Wednesday, December 22, 2010

Do Your Birds Need A Nutritional Boost?

Healthy Bird Clues

This photo of Topaz (colorbred) mosaic hens looks like a portrait painting.

Even with a feather momentarily out of place, look at the tail on this Border.

Tight Feathered Border Landing in His Fancy Swing

Healthy Bird Clues

How can you tell the effectiveness of your bird's diet?

Every day as I take care of my birds, I look them over carefully. I want to detect not only signs of illness but just as important, signs of being totally fit and healthy.

To answer these questions observe your birds from a distance when they are at ease. As you approach your bird, unfit or even ill birds perk up because they instinctively do not want to show predators any sign of weakness and vulnerability.
Tight Feathered Stafford

1. How tight are your birds feathers? This time of year when the birds are not molting, the feathers should be extremely tight so that they appear painted on with no signs of looseness. Fit birds have a aura of well being, like they are wearing their Sunday Best Suit!

2. How is your birds wing carriage? Unless the bird has been breed with obviously too long wings, the wings should be held upright and meet in the back.

A bird that drops it wings should always be caught and have their vent checked by pasting with excrement. If so, wash and make sure the vent is not sealed and then lightly apply an oil to the vent area. I put the oil on my finger and then transfer it from my finger to the vent.

3. Is the bird's tail narrow and piped or wide? The healthier the bird the more narrow it holds its tail.

Young German Roller hen whose got it all, tight feathers, great wing carriage and piped tail!

If you have an aviary of birds, some will likely appear healthier than others. Often out of kindness, we overfeed to the point that if the bird wants to, it can live on a limited diet of only its favorite seed, rather than eating the wide variety of offerings.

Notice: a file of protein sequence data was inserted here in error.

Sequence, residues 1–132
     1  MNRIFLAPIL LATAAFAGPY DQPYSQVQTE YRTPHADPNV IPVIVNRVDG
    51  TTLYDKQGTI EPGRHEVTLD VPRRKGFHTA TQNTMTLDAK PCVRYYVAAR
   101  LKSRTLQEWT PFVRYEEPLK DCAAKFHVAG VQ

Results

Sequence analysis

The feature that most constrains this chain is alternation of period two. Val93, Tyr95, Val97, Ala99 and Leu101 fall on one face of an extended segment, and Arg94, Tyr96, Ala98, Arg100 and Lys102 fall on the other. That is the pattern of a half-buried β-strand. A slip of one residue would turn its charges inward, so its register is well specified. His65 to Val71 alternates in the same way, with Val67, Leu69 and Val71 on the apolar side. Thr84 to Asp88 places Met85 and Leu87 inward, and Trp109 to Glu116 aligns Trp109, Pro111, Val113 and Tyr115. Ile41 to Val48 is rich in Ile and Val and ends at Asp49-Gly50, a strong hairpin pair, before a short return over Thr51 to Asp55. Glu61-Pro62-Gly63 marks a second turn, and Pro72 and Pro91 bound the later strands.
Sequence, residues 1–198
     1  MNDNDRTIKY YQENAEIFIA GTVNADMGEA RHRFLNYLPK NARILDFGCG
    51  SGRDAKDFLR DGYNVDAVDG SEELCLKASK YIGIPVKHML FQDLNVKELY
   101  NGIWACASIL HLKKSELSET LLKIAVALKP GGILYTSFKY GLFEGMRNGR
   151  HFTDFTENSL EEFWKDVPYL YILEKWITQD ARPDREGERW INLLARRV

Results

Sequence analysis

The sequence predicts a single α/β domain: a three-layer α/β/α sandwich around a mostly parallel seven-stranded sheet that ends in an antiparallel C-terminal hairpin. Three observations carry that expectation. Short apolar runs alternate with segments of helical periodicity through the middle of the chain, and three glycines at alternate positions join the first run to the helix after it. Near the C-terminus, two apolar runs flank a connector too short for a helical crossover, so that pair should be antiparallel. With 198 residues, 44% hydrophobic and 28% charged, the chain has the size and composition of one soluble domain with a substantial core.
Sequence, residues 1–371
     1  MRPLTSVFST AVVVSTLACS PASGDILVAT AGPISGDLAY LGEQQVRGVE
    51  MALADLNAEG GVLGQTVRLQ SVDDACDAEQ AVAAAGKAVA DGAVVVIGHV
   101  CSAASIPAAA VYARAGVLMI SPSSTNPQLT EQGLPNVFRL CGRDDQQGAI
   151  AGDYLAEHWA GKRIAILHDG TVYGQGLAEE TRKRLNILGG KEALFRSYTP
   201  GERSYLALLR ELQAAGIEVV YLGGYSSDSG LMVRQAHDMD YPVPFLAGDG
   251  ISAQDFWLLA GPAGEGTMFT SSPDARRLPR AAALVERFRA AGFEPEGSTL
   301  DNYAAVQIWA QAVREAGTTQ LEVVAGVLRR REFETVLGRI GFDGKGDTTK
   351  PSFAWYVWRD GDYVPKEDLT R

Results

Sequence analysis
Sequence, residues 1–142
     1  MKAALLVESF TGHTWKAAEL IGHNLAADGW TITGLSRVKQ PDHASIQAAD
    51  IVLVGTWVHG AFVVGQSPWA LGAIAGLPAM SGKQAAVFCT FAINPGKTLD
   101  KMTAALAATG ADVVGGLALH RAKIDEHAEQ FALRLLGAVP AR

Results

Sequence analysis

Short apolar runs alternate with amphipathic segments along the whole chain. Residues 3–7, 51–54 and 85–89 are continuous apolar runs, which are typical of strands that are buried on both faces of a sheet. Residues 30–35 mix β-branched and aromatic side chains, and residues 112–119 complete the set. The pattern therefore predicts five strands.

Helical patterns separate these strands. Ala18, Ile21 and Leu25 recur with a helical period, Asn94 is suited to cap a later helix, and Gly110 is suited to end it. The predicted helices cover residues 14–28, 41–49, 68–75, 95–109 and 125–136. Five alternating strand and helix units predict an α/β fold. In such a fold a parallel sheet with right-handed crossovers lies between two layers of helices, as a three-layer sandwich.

Seeds are nutritional deficient but birds like to crack them. A good way to address this concern is to feed a fortified seed. One such product is L'Avian Plus Canary Mix (google for location). This product is widely available and has the advantage in that each bite is fortified with nutrients including lactobacillus probiotic that the bird needs but would not be in an untreated seed.
L'Avian Plus Canary Mix

Another favorite seed mix is the wheat germ oil and vitamin coated seed sold only by Bird of Paradise (316 263-0850) here in Wichita, Kansas. This mix is coated just right to provide the birds nutritional needs. Nancy, the owner, is happy to custom the coated seed mix for your seed preference as each order is made up specially for each customer. This is a real plus if you are color feeding red birds and want to avoid rape seed which is high in natural yellow coloring.
Bird of Paradise Wheat Germ Oil/Vitamin Coated Standard Mix. As breeding season approaches, I will change the blend to "Linda's Mix" which has no millet and contains more higher protein and fat seeds like flax.

How Do You Know If A Diet Change Had A Positive Effect?

Changes that make a major contribution to your birds health, are noticeable in as little as 24 hours. To evaluate the effect, go back to the same three questions listed above especially feather tightness and see if you can observe a positive difference. If not in 24 hours, what about 48 hours?

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